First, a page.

Wednesday, March 19, 2014

“A good night’s sleep may be key in fighting cancer.”

The headline in the online edition is less sensational, “New research suggests poor-quality sleep directly affects cancer in mice.”,0,1047371.story
What’s more important is that the article, written by Judy Peres, states that “Two 2012 studies found that people who suffer from sleep apnea are more likely to be diagnosed with any type of cancer and more likely to die of the disease, than people with undisturbed sleep.”

She goes on to note that “More recent studies have found that men who sleep too little or too much are more likely to develop prostate cancer, and breast cancer patients who don't get enough sleep have a higher risk of relapse.”

More importantly, “Now, researchers think they understand better how poor-quality sleep directly affects cancer. Their findings, if corroborated, could lead to the development of new cancer-fighting drugs.”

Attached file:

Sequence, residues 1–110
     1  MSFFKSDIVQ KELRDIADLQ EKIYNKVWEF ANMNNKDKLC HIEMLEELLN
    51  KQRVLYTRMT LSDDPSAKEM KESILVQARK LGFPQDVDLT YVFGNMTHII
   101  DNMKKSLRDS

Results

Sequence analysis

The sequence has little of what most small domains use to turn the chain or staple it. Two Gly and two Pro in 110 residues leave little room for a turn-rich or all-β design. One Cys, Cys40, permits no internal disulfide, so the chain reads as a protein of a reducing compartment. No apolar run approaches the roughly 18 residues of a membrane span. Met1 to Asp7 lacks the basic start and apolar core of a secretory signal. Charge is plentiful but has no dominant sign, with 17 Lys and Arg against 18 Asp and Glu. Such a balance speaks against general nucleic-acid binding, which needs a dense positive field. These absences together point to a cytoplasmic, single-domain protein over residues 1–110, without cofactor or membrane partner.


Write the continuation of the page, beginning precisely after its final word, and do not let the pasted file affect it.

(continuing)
What researchers? According to Peres, “A team from the University of Chicago and the University of Louisville reported in January in the journal Cancer Research that interrupted sleep can speed cancer growth, increase tumor aggressiveness and dampen the immune system's ability to control early cancers.”

If this kind of article makes you hopeful or yearning to learn more, here’s the link (again):,0,1047371.story

Image credit: <a href=''>stuartphoto / 123RF Stock Photo</a>

1 comment:

Steve Berke said...

I enjoyed reading your article :) PLease continue publishing helpful topics like this. Regards, from beddingstock.